|Publication number||US6505858 B1|
|Application number||US 09/424,941|
|Publication date||Jan 14, 2003|
|Filing date||Apr 2, 1999|
|Priority date||Apr 3, 1998|
|Also published as||CA2326735A1, EP1105291A2, EP1105291A4, WO1999051435A2, WO1999051435A3|
|Publication number||09424941, 424941, PCT/1999/7430, PCT/US/1999/007430, PCT/US/1999/07430, PCT/US/99/007430, PCT/US/99/07430, PCT/US1999/007430, PCT/US1999/07430, PCT/US1999007430, PCT/US199907430, PCT/US99/007430, PCT/US99/07430, PCT/US99007430, PCT/US9907430, US 6505858 B1, US 6505858B1, US-B1-6505858, US6505858 B1, US6505858B1|
|Inventors||Wade H. Kirchmeyer, Mitesh G. Popat|
|Original Assignee||Wade H. Kirchmeyer, Mitesh G. Popat|
|Export Citation||BiBTeX, EndNote, RefMan|
|Patent Citations (15), Referenced by (21), Classifications (17), Legal Events (3)|
|External Links: USPTO, USPTO Assignment, Espacenet|
This application claims the benefit of provisional application 60/080,732 filed Apr. 3, 1998.
The present invention relates to photocubes and to computer systems and, more particularly, to computer systems which print images for application to multifaceted photocubes.
Photocubes are commonly used to display pictures or other images. One common photocube is made of clear plastic has six sides, with each side displaying a photograph. The photographs are typically retained in place by being compressed between one side and a back support. The photocube is configured so that the photographs are replaceable.
Also known in the art are configurable photocubes. These devices have eight cubical blocks each having six sides. The blocks are attached so that the photocube is foldable into a number of configurations. Images are fixed to the sides of the blocks. The display of the images may be changed depending upon how the photocube is folded. These photocubes have been used as promotional items, with the images displaying, for example, an athlete or a product.
One of the drawbacks of conventional photocubes is that the images are permanently fixed to the cube. Accordingly, a user cannot remove or replace the images. In addition, a user cannot display images of his or her own selection. Another drawback is that the images are produced using a process known as “offset printing.” Offset printing is a commercial printing process that entails the use of films, plates, drums, ink rollers, etc. Accordingly, although producing professional images, offset printing is priced out of reach of everyday users. In addition, even in commercial printing, offset printing is intended for high-volume printing jobs.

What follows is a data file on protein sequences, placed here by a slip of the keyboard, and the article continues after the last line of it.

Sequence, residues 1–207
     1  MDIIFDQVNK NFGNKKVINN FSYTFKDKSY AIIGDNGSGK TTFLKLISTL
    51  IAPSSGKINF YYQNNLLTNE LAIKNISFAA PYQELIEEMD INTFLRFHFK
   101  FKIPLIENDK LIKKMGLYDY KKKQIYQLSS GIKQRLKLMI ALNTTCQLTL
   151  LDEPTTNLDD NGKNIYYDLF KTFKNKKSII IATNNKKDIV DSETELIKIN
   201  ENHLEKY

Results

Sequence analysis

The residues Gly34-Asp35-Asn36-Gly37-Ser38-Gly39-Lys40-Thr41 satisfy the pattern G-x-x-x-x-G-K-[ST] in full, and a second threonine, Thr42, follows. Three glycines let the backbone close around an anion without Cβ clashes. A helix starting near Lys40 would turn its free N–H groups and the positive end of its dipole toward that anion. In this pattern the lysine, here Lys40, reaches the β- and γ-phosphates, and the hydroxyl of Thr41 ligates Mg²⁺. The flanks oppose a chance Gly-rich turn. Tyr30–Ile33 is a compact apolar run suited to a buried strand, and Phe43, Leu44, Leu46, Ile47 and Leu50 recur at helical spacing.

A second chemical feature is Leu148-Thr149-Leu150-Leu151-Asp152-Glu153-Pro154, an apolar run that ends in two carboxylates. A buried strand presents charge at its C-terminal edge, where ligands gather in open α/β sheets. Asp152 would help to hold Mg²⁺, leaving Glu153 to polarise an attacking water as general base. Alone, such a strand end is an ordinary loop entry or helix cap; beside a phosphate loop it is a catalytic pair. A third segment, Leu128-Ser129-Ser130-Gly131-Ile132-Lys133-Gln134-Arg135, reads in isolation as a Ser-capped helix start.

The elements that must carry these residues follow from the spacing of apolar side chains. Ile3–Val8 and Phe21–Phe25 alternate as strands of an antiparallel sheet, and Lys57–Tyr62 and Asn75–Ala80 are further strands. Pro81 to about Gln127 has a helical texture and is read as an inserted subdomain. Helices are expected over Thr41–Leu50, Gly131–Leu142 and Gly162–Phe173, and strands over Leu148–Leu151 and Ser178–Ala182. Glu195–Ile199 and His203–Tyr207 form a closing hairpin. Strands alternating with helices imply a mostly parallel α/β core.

In view of the foregoing, there remains a need in the art for a photocube that allows a user to self-embellish or customize the images displayed by the photocube and to change the images displayed by photocube as desired.
The present invention provides methods and apparatus that allow a user to customize a configurable photocube with images of his or her own selection by using common office printing machines, such as inkjet printers and color copiers. The present invention also provides methods and apparatus that allows a user to change an image or images currently displayed by a configurable photocube with another image or images.
According to one aspect of the invention, a customizable configurable photocube system includes a plurality of blocks and a label sheet. Each of the blocks has a plurality of sides. The label sheet is configured to be printed upon in a commonly used office printing machine, such as a printer connected to a computer or a photocopier. A plurality of computer-readable instructions in the form of computer software may be stored on a computer-readable medium such as a floppy disc to configure the computer to print images on the label sheet in a desired manner. The label sheet has at least one label that is attachable to one of the sides of two of the blocks so that the blocks are pivotal with respect to each other.
One of the advantages of the present invention is that a user can print a selected image on the label, or a selection of images on a plurality of labels, and then apply the label to the blocks to form a configurable photocube. For example, a digitized image can be loaded onto to a computer and displayed on the monitor. The computer may display a graphical user interface on the monitor that corresponds to the label sheet. A user may then assign the image to the label by using the interface device, which may be a mouse, and the graphical user interface. As the label sheet preferable has a plurality of labels each of which corresponds to one of the sides of the blocks, a user can load a plurality of images such as digitized photographs, onto the computer and then assign the images to particular labels. The images may then be printed onto the labels. The labels may then be applied to corresponding sides of the blocks to form a photocube to display the images. Accordingly, a user is able to customize or self-embellish the photocube with images of his or her own selection.